First announced back in 2017 before going into production two years later, Mazda’s innovative SkyActiv-X engines could be axed in the near future, as reported by Japan’s BestCarWeb.
For those in the dark, Mazda’s SkyActiv-X engine features a lean burning and supercharged 2.0-litre Spark Controlled Compression Ignition (SPCCI) engine, producing 180 PS and 224 Nm. Think of SkyActiv-X as the engine that combines the benefits of both gasoline and diesel engines into one.
According to the report by BestCarWeb, there are several signs that could point at the early demise of SkyActiv-X.
One reason is the sluggish sales. While Mazda did not delve into sales ratio of vehicles fitted with the SkyActiv-X powertrain in its home market, BestCarWeb estimated that SkyActiv-X-fitted models make up about 10 percent of sales.
In Japan, only 2 models are offered with the SkyActiv-X powertrain, the Mazda 3 and Mazda CX-30. BestCarWeb estimates that roughly 30,000 units of these two models are sold annually. Assuming SkyActiv-X accounts for 10 percent of Mazda’s overall sales, that’s roughly 300 units monthly.
Then there’s also the SkyActiv-X’s development costs and fuel economy. In the pursuit of developing the ideal engine that supposedly balances power and fuel economy, cost ballooned and the resulting engine barely offers any meaningful upgrade over regular combustion engines.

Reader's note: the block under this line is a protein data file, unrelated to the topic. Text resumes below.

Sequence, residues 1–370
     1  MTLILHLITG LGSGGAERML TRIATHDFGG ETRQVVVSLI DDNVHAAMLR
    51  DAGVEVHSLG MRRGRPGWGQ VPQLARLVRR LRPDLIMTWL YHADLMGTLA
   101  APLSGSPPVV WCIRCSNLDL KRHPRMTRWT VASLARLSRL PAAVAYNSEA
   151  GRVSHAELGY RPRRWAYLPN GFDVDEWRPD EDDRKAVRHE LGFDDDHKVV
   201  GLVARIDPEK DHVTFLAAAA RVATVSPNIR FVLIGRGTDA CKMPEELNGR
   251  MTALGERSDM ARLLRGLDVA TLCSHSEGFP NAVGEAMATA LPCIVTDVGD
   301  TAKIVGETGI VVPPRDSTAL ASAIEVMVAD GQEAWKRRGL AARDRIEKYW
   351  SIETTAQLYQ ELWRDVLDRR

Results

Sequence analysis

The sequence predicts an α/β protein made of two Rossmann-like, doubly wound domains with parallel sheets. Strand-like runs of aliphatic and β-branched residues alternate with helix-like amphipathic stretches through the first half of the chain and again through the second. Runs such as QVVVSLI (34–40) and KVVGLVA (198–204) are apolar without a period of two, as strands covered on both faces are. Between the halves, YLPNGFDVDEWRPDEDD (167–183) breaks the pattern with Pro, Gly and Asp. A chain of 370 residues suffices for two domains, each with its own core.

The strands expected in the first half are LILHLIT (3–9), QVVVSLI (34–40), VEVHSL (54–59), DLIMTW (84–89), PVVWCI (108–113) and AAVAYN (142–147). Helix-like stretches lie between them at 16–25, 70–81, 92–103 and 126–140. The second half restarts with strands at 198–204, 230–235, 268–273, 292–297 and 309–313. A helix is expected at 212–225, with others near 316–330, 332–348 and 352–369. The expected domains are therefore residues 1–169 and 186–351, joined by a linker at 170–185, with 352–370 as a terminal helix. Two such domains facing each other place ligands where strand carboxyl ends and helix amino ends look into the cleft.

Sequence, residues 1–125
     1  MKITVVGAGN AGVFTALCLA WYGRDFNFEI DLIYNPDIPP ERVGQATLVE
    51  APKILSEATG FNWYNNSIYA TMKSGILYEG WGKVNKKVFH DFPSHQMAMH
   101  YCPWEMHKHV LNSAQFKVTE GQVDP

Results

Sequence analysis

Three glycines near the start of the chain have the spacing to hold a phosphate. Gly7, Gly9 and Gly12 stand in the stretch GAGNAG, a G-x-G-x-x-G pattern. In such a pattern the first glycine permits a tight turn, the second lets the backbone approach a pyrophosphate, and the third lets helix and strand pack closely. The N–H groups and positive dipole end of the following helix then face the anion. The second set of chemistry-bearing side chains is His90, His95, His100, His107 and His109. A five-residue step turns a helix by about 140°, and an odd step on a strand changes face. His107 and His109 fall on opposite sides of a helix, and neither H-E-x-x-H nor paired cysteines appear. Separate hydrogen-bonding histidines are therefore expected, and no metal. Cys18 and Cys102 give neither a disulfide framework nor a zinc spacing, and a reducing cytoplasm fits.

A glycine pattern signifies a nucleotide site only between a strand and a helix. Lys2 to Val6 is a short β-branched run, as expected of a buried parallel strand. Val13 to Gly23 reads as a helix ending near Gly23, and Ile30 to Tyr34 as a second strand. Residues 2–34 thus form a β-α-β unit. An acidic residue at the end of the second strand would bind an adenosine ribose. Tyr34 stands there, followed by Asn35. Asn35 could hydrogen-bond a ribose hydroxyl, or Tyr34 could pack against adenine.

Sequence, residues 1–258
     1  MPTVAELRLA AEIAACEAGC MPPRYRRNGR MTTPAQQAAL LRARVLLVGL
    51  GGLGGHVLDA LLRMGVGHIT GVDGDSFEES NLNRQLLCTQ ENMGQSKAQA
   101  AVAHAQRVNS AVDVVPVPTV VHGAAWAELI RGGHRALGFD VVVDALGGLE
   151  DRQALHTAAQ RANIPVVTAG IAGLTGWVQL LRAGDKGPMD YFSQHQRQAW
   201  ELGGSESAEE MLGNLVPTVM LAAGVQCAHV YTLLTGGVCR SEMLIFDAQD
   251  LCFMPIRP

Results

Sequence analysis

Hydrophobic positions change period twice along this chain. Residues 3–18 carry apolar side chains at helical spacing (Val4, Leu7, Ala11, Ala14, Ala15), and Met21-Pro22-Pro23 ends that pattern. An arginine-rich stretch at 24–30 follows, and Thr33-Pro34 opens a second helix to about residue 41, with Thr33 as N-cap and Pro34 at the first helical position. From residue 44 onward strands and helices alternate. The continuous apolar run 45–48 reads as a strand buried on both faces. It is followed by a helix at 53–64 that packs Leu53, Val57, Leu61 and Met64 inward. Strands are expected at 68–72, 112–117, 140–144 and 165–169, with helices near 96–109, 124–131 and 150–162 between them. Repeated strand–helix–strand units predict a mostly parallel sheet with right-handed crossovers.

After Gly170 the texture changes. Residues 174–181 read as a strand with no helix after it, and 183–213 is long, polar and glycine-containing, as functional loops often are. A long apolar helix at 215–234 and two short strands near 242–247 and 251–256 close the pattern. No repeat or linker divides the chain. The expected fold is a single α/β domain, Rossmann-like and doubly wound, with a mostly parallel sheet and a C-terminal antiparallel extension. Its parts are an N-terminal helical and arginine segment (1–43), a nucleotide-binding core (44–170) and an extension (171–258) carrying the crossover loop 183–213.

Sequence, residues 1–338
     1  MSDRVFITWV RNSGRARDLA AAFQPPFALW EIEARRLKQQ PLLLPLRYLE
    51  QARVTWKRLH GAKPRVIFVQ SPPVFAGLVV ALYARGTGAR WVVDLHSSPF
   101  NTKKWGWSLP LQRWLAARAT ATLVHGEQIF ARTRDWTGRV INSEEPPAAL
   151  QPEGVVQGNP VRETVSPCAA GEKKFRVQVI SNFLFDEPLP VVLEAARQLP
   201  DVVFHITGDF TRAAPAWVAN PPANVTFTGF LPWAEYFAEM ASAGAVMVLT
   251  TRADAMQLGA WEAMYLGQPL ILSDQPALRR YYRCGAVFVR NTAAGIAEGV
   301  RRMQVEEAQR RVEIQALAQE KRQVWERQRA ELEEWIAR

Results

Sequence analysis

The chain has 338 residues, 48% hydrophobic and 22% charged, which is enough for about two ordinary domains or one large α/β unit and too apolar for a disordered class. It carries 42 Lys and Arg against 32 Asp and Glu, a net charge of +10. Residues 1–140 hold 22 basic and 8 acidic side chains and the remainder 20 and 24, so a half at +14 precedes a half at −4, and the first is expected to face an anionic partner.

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BestCarWeb pointed out that a Mazda CX-30 fitted with the regular e-SkyActiv-G hybrid powertrain musters out 6.2-litre/100 km (16.1 km/L) under the WLTC test cycle, while the SkyActiv-X did 5.7-litre/100 km (17.4 km/L). The difference in fuel economy numbers, according to BestCarWeb, isn’t enough to offset the JPY 200,000 (~RM 6.3k) price premium for the SkyActiv-X powertrain-fitted models.
That leads us onto yet another issue, as Mazda could be selling SkyActiv-X-equipped cars at a loss. When Mazda debuted SkyActiv-X models back in 2019, the price premium was an eye-watering JPY 700,000 (~RM 22k), but BestCarWeb reckons that the current JPY 200,000 is merely enough to cover the cost in parts, and not enough to recoup the development costs.
Also Read: What’s so special about Mazda SkyActiv engines anyway?
If that isn’t enough, the recently-launched Mazda CX-60 does not feature the SkyActiv-X powertrain at launch. Thus far, Mazda only confirmed that Europe-bound models will get the SkyActiv-X powertrain. BestCarWeb mentioned that the volume of SkyActiv-X-fitted CX-60 models sold in Europe may not be enough to recoup the development costs. In addition to that, the clock is ticking for internal combustion engines in Europe, as the countries in the Old Continent looks to ban the sales of new petrol and diesel cars by 2035.
With all said and done, there are bound to be challenges with these new technologies and Mazda is no stranger to that. The Hiroshima-based car maker stood by its Wankel rotary engine for years. If there’s any company stubborn, yet innovative enough to pull this off, it has to be Mazda.
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